An Army/Navy Rivalry With A Catholic Twist

From the welcoming atmosphere to the academic rigor, everything about Lancaster Catholic High School prepared a pair of recent graduates for their new lives at military academies. Noah Bamert ’17, who's in his second year in the Army, and Hannah Citsay ’18, in her first year in the Navy, reflected on their time at Catholic High and the most recent Army/Navy game they attended in December.

“Lancaster Catholic set me up so well academically,” Hannah explained. “I was actually able to test out of a few classes this year, which will set up opportunities for me later at Navy.”

Hannah’s day begins at 0530 for morning workouts before chow calls and breakfast. Her academic schedule consists of six classes, falling between 0800 and 1200 and 1300 and 1500, with lunch sandwiched in between. She joined the sailing team, so that practice lasts until 1830, and she finishes her night with homework before lights out at 2300.

“You’re responsible for managing your own time, as I’m sure it is at any college,” she detailed. “You really have to stay organized to get stuff done, and there’s more stuff than you can imagine.”

She was able to meet up for a brief moment with her old Crusader pal Noah in Philadelphia at the Army/Navy Game. Army won its third in a row in front of both academies after losing 14 in a row from 2002-15. It is required at all cadets and midshipmen to attend the game, and the pageantry of the event is unrivaled.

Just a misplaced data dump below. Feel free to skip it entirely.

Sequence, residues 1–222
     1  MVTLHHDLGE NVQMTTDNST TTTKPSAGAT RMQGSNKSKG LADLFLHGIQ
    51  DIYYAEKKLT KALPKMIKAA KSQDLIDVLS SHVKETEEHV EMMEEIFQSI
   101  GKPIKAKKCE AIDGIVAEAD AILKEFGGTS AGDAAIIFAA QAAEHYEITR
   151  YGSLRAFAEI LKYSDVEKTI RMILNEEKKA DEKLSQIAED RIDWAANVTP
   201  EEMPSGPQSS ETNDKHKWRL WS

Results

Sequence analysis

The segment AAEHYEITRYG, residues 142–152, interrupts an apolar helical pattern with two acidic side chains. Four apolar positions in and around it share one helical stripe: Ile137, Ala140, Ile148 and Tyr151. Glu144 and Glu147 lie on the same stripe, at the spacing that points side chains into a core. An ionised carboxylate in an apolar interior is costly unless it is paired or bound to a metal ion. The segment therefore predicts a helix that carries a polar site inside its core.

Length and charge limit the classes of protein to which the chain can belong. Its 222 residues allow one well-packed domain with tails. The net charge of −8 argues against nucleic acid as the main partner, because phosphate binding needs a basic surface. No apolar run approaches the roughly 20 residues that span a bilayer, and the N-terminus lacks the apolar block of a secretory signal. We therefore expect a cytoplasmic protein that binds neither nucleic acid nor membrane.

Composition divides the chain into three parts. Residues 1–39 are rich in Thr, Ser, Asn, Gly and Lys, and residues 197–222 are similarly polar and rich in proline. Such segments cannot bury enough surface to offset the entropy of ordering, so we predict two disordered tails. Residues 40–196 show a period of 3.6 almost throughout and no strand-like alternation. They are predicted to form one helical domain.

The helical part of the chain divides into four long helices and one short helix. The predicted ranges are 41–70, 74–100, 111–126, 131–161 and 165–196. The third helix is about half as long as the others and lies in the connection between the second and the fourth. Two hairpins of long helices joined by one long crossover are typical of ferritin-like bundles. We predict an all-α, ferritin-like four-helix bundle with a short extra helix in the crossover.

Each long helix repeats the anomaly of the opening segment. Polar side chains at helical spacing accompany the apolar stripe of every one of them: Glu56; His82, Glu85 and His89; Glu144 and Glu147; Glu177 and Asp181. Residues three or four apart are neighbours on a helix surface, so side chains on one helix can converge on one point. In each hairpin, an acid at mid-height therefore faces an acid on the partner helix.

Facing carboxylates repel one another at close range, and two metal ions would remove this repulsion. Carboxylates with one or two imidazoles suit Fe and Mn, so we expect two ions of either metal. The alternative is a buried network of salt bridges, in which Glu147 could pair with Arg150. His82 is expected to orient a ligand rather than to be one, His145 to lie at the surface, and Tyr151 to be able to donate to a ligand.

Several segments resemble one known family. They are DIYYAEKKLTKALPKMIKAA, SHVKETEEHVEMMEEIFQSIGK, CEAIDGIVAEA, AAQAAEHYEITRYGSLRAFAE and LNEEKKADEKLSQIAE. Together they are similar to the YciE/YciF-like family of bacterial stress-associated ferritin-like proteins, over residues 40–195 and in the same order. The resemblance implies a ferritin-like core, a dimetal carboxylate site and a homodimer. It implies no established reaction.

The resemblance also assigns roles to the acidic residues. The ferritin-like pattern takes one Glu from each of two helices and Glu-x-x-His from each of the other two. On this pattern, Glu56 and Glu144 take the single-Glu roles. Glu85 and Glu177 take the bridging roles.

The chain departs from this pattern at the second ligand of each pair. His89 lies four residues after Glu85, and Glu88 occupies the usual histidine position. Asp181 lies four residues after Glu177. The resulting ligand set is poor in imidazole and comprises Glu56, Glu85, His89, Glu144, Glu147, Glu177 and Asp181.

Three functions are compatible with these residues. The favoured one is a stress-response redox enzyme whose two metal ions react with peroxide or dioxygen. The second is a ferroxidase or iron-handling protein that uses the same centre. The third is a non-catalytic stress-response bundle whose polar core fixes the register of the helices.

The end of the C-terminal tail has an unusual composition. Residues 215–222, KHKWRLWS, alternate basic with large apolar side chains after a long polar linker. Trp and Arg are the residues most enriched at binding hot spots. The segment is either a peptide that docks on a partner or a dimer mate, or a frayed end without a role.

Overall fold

“The Army/Navy Game was a unique experience that has no equal in my life. The positive energy from two teams that are heated rivals was overshadowed by an obvious mutual respect for each other,” Art Bamert, Interim Director of Campus Ministry, said. “They walked off at the end of the game, sang the two alma maters and left as one team united in their willingness to serve this country and protect our freedoms.”

Art’s son, Noah, is in his second year at West Point, and he also credits Catholic High for helping mold him into the cadet that he is today.

“Each class is challenging (at Army), and the academic rigor that we had at Catholic really prepared me,” Noah admitted. “The amount of work that we have now is at times overwhelming, but I fall back on what I learned in high school so much.”

Both students worked with the counseling department throughout their individual application processes for the military academies. And while they went to different academies, they both used the same word when describing the lengthy procedure that includes multiple interviews and applications; and that was “genuine”.

“You have to be genuine during the interview process,” Noah said. “They can see right through you if you aren’t.”

They also both realize that they are a part of a bigger organization, and realizing their role in that is special.

“You’re only going to go as far as your ability to help the people to the right and left of you,” Hannah detailed. “I definitely learned about how to be a leader at Catholic High, but when you’re all put together in the high-pressure situations, it’s about getting through it all together, as opposed to how well you can do. So you really learn to figure out how people work and how you can all accomplish something together.”